Let $\nabla f(\mathbf{x})$ be a column vector denoting the gradient of $f$ evaluated at $\mathbf{x}$.

Applied to this situation, Farkas Lemma states that for any point $\mathbf{x} \in \mathbb{R}^n$ exactly one of the following statements holds:

  1. There exists $\boldsymbol{\lambda} \in \mathbb{R}^k$ such that $\sum_{j=1}^k \lambda_j \nabla g_j(\mathbf{x}) = -\nabla f(\mathbf{x})$ and $\boldsymbol{\lambda} \geq \mathbf{0}$
  2. There exists $\boldsymbol{\delta} \in \mathbb{R}^n$ such that $\forall_j \boldsymbol{\delta}' g_j(\mathbf{x}) \leq 0$ and $ \boldsymbol{\delta}'\nabla f(\mathbf{x}) < 0$

What does this mean? It means that for any feasible point $\mathbf{x}$, either:

  • Condition (1) holds and the KKT conditions are satisfied.
  • Condition (2) holds and there exists a feasible direction $\boldsymbol{\delta}$ that improves the objective function $f$ without increasing the constraints $g_j$. (eg. you can improve $f$ by moving from $\mathbf{x}$ to $\mathbf{x} + \epsilon \boldsymbol{\delta}$)

Condition (1) states that there exists non-negative multipliers $\boldsymbol{\lambda}$ such that the KKT conditions are satisfied at point $\mathbf{x}$. (Geometrically, it says that the $- \nabla f$ lies in the convex cone defined by the gradients of the constraints.)

Condition (2) states that at the point $\mathbf{x}$, there exists a direction $\boldsymbol{\delta}$ to move (locally) such that:

  • Moving in direction $\boldsymbol{\delta}$ reduces the objective function (because the dot product of $\nabla f(\mathbf{x})$ and $\boldsymbol{\delta}$ is less than zero).
  • Moving in direction $\boldsymbol{\delta}$ doesn't increase the value of the constraints (because the dot product of $\nabla g_j(\mathbf{x})$ and $\boldsymbol{\delta}$ is less than or equal to zero for all constraints $j$).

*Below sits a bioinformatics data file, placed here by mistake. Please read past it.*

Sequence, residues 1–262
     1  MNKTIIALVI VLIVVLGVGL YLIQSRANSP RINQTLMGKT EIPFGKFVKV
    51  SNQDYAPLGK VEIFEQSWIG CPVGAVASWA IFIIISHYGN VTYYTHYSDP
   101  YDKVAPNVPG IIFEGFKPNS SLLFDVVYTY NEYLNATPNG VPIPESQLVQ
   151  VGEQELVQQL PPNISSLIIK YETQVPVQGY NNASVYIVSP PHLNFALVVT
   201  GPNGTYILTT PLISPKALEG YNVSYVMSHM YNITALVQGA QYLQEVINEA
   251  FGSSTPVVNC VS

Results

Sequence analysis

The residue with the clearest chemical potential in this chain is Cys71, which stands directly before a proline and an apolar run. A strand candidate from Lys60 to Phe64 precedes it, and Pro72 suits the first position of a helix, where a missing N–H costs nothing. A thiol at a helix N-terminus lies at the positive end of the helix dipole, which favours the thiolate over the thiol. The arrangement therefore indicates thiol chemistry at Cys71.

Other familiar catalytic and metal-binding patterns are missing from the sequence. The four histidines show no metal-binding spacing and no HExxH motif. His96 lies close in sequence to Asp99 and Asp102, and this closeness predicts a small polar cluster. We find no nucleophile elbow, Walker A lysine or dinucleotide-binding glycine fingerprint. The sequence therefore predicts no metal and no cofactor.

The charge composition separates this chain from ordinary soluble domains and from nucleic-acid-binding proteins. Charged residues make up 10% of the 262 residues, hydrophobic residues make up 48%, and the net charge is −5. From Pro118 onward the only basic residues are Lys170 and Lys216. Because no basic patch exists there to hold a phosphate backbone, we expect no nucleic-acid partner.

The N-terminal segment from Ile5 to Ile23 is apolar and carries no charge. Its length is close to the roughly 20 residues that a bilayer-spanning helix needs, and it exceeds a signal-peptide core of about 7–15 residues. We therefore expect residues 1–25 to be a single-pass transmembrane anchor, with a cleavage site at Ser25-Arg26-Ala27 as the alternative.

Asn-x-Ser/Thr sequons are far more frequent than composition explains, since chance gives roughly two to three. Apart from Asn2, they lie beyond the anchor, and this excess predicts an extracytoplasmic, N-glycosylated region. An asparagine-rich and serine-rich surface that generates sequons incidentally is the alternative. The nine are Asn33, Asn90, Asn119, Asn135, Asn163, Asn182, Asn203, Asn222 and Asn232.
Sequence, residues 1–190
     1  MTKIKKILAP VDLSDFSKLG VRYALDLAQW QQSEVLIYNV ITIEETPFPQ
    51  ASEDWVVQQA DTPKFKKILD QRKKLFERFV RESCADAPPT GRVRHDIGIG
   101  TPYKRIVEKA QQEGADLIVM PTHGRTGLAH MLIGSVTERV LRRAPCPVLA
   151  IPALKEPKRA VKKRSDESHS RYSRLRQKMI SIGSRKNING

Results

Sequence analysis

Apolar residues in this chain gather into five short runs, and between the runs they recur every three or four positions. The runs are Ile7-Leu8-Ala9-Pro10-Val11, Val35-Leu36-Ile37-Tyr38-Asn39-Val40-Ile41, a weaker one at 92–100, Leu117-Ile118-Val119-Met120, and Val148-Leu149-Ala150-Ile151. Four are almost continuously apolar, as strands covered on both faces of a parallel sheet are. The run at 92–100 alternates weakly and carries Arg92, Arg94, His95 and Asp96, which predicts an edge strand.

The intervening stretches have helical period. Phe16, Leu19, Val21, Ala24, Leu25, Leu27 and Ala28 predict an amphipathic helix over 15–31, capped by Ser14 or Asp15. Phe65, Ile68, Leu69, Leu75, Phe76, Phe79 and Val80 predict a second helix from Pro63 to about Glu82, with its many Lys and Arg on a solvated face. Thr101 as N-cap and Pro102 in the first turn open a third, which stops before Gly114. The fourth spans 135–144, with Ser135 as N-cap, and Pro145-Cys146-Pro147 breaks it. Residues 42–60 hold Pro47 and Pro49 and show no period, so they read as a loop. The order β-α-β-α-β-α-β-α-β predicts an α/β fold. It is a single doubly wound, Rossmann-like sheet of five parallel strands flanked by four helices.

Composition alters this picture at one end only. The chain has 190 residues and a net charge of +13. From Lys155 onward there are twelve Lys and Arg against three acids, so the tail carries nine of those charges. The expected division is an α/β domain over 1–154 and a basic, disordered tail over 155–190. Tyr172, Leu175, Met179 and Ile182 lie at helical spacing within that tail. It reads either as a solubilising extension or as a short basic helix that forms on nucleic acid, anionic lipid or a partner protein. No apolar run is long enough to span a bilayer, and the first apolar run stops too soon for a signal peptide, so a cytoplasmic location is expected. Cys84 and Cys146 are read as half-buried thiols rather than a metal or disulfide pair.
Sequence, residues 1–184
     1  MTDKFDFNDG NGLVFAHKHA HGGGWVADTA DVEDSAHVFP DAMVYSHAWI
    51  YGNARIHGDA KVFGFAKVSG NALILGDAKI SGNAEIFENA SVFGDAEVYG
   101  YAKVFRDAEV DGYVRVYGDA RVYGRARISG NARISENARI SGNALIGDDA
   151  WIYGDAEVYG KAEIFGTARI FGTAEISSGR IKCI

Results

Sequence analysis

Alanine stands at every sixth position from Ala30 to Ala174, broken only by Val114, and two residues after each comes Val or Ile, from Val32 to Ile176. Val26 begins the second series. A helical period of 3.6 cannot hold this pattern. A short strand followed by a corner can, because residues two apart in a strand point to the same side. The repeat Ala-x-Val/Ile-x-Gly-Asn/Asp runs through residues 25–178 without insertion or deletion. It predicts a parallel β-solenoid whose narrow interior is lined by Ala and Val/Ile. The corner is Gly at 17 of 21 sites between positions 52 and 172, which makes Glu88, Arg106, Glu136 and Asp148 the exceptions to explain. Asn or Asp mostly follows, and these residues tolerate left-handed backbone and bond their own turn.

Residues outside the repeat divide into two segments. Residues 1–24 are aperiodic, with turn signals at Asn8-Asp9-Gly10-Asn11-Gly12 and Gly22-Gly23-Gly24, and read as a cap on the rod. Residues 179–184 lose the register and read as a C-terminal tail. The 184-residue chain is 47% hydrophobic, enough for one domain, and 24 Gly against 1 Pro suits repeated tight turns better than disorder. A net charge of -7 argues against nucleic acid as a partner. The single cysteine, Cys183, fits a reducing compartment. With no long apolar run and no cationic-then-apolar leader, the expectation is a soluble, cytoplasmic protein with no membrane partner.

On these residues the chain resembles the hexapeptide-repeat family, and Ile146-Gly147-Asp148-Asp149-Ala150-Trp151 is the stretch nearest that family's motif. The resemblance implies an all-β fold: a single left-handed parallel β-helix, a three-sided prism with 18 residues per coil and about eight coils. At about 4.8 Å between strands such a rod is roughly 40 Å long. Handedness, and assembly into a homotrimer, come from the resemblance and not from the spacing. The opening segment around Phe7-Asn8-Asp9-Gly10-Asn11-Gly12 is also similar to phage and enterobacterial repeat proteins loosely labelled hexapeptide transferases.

(Geometrically, feasible direction $\boldsymbol{\delta}$ defines a separating hyperplane between the vector $-\nabla f(\mathbf{x})$ and the convex cone defined by the vectors $\nabla g_j(\mathbf{x})$.)

(Note: to map this into Farkas Lemma, define matrix $A = \begin{bmatrix} \nabla g_1, \nabla g_2, \ldots, \nabla g_k \end{bmatrix}$)

This argument gives you the necessity (but not sufficiency) of the KKT conditions at an optimum. If KKT conditions aren't satisfied (and the constraint qualifications are satisfied), it's possible to improve the objective without violating the constraints.

The role of constraint qualifications

What can go wrong? You can get degenerate situations where the gradients of the constraints don't accurately describe feasible directions to move in.

There are a multitude of different constraint qualifications to choose from that will allow the above argument to work.

The min, max interpretation (imho the most intuitive)

Form the Lagrangian

$$ \mathcal{L}(\mathbf{x}, \boldsymbol{\lambda}) = f(\mathbf{x}) + \sum_{j=1}^k \lambda_jg_j(\mathbf{x})$$

Instead of minimizing $f$ subject to constraints $g_j$, imagine that you're trying to minimize $\mathcal{L}$ while some opponent is trying to maximize it. You can interpret multipliers $\lambda_i$ as penalties (chosen by some opponent) for violating the constraints.

The solution to the original optimization problem is equivalent to:

$$ \min_x \max_\lambda \mathcal{L}(\mathbf{x}, \boldsymbol{\lambda}) $$

That is:

  1. You first pick $\mathbf{x}$ to minimize the Lagrangian $\mathcal{L}$, cognizant that...
  2. I will then pick $\boldsymbol{\lambda}$ to maximize the Lagrangian (having observed your pick $\mathbf{x}$).

For example, if you violate constraint $g_2$, I can penalize you by setting $\lambda_2$ to infinity!

Weak duality

For any function $f(x, y)$ observe that:

$$ \forall_{\hat{x},\hat{y}} \quad \min_x f(x, \hat{y}) \leq f(\hat{x}, \hat{y}) \leq \max_y f(\hat{x}, y)$$

Since that holds for any $\hat{x}$ and $\hat{y}$ it also holds that: $$ \max_y \min_x f(x, y) \leq \min_x \max_y f(x, y)$$

In the Langrian setting, this result that $\max_\lambda \min_x \mathcal{L}(\mathbf{x}, \boldsymbol{\lambda}) \leq \min_x \max_\lambda \mathcal{L}(\mathbf{x}, \boldsymbol{\lambda})$ is known as weak duality.

The dual problem $\max_\lambda \min_x \mathcal{L}(\mathbf{x}, \boldsymbol{\lambda})$ gives you a lower bound on the solution

Strong duality

Under certain special conditions (eg. convex problem where Slater condition holds), you have strong duality (i.e. the saddle point property).

$$\max_\lambda \min_x \mathcal{L}(\mathbf{x}, \boldsymbol{\lambda}) = \min_x \max_\lambda \mathcal{L}(\mathbf{x}, \boldsymbol{\lambda})$$